No doubt he sees things with a bit more nuance, but to the interested observer, Tom Mischke has enjoyed a run in Twin Cities radio that is as unusual as it is enviable. For 25 years, the St. Paul native has been a truly unique voice/perspective on life in Minnesota and far beyond.
He’s worked for KSTP-AM, most famously as their late night voice; and at WCCO-AM, City Pages and more recently with KQRS morning jock Tom Barnard’s nascent podcast network.
In a medium — commercial talk radio — not exactly renowned for thoughtful meditations on a broad range of topics, Mischke, 52, has defied conventional wisdom and succeeded (if not lavishly in financial terms), certainly by surviving as long as he has with his dignity intact. Mischke is something close to an antithesis of the loudly bloviating masters of pop demagoguery. Where bigger names hammer their (larger) audiences with aggressive certainty, Mischke’s act is built out of curiosity born of uncertainty, whimsy and a level of literacy not available solely via the sports pages, Breitbart or The Daily Kos.
Although a self-described liberal, Mischke’s on- (and off-) air demeanor leaves no residue of tribal partisanship. If anything, the lock-step team players on every point of the cultural compass are often treated as objects of curiosity, mined for humor. The uniqueness of Mischke’s act registered within seconds of finding him on the dial. Here’s veteran magazine writer James Fallows in the Atlantic describing discovering Mischke one night during a drive to Duluth:
Within the first few seconds of tuning in each station I could tell what its offering was going to be. A Rush Limbaugh rebroadcast. A preacher. A pro basketball game. The allpurpose expert Bruce Williams, giving smug advice to people who had made horrendous life-management mistakes. A Spanish-language music program featuring accordions. And then something I couldn’t immediately categorize. The show was somebody talking, but he didn’t seem to be answering callers and he wasn’t sticking to the staple AM topics of sports, money, politics, and “relationships.” Instead he was talking about … Larry King, and why the column King publishes in USA Today should be considered uniquely preposterous in the realm of modern letters.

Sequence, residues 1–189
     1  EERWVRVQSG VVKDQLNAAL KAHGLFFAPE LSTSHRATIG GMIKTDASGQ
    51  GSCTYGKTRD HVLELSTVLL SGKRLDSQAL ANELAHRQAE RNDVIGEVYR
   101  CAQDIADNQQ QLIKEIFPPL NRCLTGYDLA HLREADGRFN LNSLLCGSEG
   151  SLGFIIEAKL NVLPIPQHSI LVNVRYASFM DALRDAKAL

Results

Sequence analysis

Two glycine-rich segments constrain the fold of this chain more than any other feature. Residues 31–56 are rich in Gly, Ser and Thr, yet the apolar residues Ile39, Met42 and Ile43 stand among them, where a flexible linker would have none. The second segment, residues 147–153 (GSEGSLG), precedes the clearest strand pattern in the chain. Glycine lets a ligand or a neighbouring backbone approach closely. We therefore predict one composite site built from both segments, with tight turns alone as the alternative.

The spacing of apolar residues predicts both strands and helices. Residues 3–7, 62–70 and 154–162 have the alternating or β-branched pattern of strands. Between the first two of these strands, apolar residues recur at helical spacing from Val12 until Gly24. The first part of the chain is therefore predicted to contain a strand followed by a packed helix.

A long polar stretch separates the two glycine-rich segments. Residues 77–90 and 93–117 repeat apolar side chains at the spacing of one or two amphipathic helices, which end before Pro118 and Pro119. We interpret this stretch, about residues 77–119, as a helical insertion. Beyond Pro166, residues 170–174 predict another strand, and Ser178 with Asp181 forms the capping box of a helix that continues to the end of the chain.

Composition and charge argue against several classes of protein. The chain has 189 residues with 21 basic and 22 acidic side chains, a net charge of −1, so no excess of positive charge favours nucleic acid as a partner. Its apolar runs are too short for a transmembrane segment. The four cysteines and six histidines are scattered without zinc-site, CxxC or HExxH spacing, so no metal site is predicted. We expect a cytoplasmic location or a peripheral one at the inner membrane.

“The Mischke Road Show,” his current podcasting venture a series of thoroughly -produced field reporting/interviews with decidedly unconventional characters, feels very much like the edge of the next wave in radio, as fragmenting audiences seek unique story and quality content over the steady repetition of the same six ideas.
We met for lunch at the Longfellow Grill to talk about his past, present and future.
MinnPost: I’m always interested in how people describe their own shtick. How do you describe yours?
Mischke: Well, let me answer this way. In this latest incarnation, I called it “The Mischke Road Show” because I wanted to take it out to where the people are instead of inviting them into a studio. The world is happening out here, and there’s something a little artificial about bringing these people into a studio and talking to them away from their world. Sitting in your world is not the best way to get to know them or who they are.
But the subhead on it is, “Life All Over the Map,” which is intended to convey that I really want to explore all different kinds of humanity. The more your life is not like mine, the more I want to talk to you. The more similar you are, the less I’m interested in you. So, consequently: eccentrics, iconoclasts, marginalized people. I can’t get enough of that. I guess that’s a description. And I like exploring that sort of thing in people who may not present anything like it in public, but have it going on in their lives.
For example, you go to the Mill City Museum and you meet a gentleman who explains the exhibits to you. But in his private life in his basement he keeps thousands of worms, as pets, and thousands of flies, that are not pets, but creatures he’s studying. It’s the basement I want to get to. I don’t want to be out by the museum. If I could get into everybody’s basement or attic I’d be a happy man.
MinnPost: And what do you say is the value to your audience in meeting these eccentrics and marginalized characters?
TM: Two things. One is we’re all voyeurs. Two is that none of us feel as weird ourselves after talking to people and realizing that in the end we’re all eccentric to one degree or another. And that there’s a subtext of kinship to all these people.
I’ve done 60 shows now, about one a week. And I have a photo representing every show. I look at that them all together, and it really is “all over the map,” and I think: Look at us. Look what we are. Isn’t this unbelievable? The variety, the weirdness, the eccentricity. It’s something to marvel at.